The above was taken right at midnight on New Year’s Eve and is my last photo in the Project 366 that had me taking a photo every single day of 2008. Done at last!
By one measure, I failed miserably at this project. By my count I missed at least 8 days (including a 9-day span in December where I missed 5 days), and that doesn’t include the fact that I kind of bent the rules to my advantage sometimes – in some cases using photos taken after midnight to count for the previous day, in other cases using them to count for the next day. I did not miss a single day in any way, shape or form until early August, but after that I completely fell off the tracks. More than just missing days, I also just lost inspiration, and the majority of my shots from September and later were totally rote “I’m taking a photo for the sake of taking a photo” shots taken at the end of the day. At that point I had completely stopped enjoying the project and probably should have quit altogether, but I was too stubborn for that.
By a totally different, and arguably more important, measure, the project was a resounding success. I originally embarked on it because my D70 had been collecting dust in my closet. I would take it out for parties, Ultimate tournaments and backpacking trips, but otherwise never touched it. This seemed like a giant waste since I’ve always loved taking photos (especially since getting my first SLR from my brother in 2000), so I was looking for some way to motivate myself to just get out and take more pictures. On that count, I succeeded way more than I could have possibly imagined. I took over 400 photos in the first week of 2008. I took 10,000 photos in the first three months (compared to 16,000 in the three and a half years preceding). And it only went up from there. I got my D300 in April and have put the shutter through some 40,000 actuations already.
A second goal was to actually improve my photography, and while this is subjective to a certain extent, I at least think that I’ve succeeded. I look at my photos from 2007 and before and cringe, which is a good sign. I am much more confident with a camera in my hands now that I’ll be able to get interesting photos of whatever it is I’m looking at. On a technical level, I’m also much more comfortable with the basics of exposure – I knew them intellectually before, but now I know them instinctively (shooting in manual and adjusting on the fly at concerts has helped immeasurably in this respect). I also am way more comfortable using flash than I’ve ever been, both on- and off-camera, though I still have plenty to learn here. Compositionally, it’s harder to pinpoint clear improvement, but I think I have a better eye than I did a year ago, and am just generally more perceptive.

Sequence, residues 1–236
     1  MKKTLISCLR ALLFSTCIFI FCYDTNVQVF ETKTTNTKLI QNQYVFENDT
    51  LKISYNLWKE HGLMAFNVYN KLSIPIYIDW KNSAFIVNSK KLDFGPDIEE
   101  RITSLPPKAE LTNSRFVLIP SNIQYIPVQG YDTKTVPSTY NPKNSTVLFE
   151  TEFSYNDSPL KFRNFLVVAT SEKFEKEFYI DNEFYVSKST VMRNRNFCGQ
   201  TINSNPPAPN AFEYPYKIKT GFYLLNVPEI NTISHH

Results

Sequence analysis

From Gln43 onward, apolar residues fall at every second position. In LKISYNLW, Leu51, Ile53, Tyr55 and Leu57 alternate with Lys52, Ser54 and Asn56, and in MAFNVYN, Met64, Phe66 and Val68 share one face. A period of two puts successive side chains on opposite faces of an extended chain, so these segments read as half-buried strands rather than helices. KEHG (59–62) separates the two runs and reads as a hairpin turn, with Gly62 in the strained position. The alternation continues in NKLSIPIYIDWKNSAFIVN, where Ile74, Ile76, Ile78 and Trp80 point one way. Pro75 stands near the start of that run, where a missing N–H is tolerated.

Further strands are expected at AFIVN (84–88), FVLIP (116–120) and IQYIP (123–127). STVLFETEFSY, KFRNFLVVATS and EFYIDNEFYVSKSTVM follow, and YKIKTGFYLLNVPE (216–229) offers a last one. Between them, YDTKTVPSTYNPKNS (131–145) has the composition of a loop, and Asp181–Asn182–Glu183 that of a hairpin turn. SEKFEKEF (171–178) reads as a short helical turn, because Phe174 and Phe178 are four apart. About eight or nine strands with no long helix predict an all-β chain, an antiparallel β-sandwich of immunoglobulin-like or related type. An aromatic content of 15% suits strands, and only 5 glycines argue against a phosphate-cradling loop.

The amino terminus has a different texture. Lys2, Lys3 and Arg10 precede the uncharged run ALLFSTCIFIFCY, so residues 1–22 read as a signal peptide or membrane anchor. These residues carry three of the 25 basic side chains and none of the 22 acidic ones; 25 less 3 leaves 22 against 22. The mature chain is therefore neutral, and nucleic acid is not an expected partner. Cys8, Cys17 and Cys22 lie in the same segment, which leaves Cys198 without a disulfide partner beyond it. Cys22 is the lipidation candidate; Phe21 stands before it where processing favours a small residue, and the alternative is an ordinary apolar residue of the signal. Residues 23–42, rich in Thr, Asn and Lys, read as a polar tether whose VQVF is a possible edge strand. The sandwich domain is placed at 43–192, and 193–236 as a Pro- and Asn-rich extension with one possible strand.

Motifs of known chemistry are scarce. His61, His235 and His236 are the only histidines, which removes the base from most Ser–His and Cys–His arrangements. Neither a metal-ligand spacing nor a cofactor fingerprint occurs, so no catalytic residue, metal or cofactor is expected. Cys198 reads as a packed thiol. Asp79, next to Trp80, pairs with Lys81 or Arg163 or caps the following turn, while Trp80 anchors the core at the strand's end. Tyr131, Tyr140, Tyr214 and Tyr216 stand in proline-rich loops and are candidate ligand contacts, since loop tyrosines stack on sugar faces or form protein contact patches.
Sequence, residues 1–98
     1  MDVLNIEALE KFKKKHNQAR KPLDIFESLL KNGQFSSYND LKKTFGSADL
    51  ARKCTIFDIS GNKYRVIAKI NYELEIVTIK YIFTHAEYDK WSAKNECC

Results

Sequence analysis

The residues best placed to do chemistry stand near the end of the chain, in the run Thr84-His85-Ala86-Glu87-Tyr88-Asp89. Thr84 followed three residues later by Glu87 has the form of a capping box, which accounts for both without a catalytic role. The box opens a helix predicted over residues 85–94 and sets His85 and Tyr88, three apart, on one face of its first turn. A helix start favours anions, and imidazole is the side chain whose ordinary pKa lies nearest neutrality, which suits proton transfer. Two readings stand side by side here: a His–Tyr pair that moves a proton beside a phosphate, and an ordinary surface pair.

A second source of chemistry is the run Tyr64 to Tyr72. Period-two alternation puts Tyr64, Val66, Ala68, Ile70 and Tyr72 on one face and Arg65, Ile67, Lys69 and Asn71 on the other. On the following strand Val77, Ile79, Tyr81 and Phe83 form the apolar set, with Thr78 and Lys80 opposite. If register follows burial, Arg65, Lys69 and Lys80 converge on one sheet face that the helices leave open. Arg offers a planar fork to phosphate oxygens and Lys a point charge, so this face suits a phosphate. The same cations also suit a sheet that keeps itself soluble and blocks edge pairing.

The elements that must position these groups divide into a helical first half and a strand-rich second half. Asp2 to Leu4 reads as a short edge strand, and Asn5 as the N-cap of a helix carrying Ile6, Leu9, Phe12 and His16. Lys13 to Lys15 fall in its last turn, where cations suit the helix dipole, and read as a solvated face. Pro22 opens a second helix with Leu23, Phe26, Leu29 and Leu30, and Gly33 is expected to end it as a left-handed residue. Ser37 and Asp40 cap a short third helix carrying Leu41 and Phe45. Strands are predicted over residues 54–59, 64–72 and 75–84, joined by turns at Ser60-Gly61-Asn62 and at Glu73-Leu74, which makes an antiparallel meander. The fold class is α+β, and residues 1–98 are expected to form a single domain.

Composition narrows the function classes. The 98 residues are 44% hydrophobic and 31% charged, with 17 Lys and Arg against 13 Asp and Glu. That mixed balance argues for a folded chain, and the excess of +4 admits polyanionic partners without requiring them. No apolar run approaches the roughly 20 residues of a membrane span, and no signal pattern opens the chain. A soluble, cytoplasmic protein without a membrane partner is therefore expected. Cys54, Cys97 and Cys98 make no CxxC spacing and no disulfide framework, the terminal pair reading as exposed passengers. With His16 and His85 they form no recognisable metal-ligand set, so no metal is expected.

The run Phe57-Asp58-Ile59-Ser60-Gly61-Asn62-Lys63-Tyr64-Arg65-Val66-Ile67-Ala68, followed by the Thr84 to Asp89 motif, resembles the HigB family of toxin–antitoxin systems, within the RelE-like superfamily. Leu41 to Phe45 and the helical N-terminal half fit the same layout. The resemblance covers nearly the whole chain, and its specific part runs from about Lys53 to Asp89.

Finally, and this was totally unexpected, I transformed myself into an event photographer. I discovered a real joy for concert photography, and am in the process of expanding this passion to other sorts of events – for instance, I’m scheduled to do my first wedding this May. I developed a pretty efficient workflow for processing massive numbers of images from concerts, sports events, newsworthy happenings and so on. I started building a brand for myself, with the website and blog, watermark, business cards, and so on, which has helped get me some gigs I definitely didn’t foresee at the beginning of the year. The upshot is that while a year ago I was contemplating sneaking my camera into a tiny club to shoot an obscure rock band (above, my Day 16 shot), this year, exactly 365 days after I took the photo above, my first concert shoot will be Metallica at the Verizon Center, a 20,000-seat arena.
An odd consequence of this development has meant that my more free-form “artistic” photography took a bit of a dive in the latter part of the year, when I was focusing most of my energy on live music photography. I got some great shots in the first few months of the year that I wouldn’t mind hanging in an art gallery (and I did, kind of, if you’d consider Artomatic that kind of thing), but in the latter part of the year most of my stuff was more documentary-style. I was doing much less of the “carry the camera everywhere and take pictures of any random thing that strikes my fancy” thing, and I’d actually like to get back to that a bit. I definitely did that during my trip to Beijing and it netted me some shots I really love, like my Day 234 photo:
Ironically, it was that trip to China, where I got tons of keepers, that hurt my photo-a-day the most. I had several thousand images to process after that trip, and while going through them I had absolutely no energy left over to take creative photos every day. (The jet lag certainly didn’t help.) I fell into a bit of a creative funk at that point and never fully recovered, choosing instead of focus my creativity in concert and other specific event shoots. It was at this juncture, too, that I started missing days here and there.
So starting in September I was kind of feeling like the project was drudgery, and I was taking crap photos just for the sake of taking photos. Not really the point of the project. Nevertheless, I’m glad I stuck it out, I’ve learned a ton, and I’ve rediscovered a passion for photography that certainly isn’t going anywhere. I just have to figure out how I want to channel it. I’m not doing a new 365 project in 2009 for obvious reasons, but I’m certainly going to figure out some goals for myself with regards to photography, and I think it’s going to be a fun year.